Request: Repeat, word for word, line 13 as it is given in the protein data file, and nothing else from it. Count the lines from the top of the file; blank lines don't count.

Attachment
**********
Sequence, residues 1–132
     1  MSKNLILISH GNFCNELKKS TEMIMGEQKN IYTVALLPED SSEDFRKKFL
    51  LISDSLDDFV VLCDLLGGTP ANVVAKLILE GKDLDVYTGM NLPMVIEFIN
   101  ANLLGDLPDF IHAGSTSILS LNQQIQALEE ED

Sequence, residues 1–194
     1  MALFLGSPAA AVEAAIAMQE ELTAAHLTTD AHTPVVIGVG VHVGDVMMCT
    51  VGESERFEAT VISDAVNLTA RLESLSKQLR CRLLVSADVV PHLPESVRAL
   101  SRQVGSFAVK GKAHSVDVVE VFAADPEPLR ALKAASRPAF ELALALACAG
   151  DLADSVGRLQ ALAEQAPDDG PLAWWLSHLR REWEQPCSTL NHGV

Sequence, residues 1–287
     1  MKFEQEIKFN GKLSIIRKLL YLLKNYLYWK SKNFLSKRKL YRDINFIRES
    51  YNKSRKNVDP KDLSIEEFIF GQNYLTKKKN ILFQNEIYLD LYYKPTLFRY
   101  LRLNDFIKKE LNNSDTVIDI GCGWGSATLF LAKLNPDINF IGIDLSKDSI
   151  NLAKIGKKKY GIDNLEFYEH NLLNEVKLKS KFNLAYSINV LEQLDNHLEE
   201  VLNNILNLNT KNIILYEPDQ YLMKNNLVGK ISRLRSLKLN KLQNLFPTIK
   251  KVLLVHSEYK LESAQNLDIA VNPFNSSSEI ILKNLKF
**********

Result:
   101  LRLNDFIKKE LNNSDTVIDI GCGWGSATLF LAKLNPDINF IGIDLSKDSI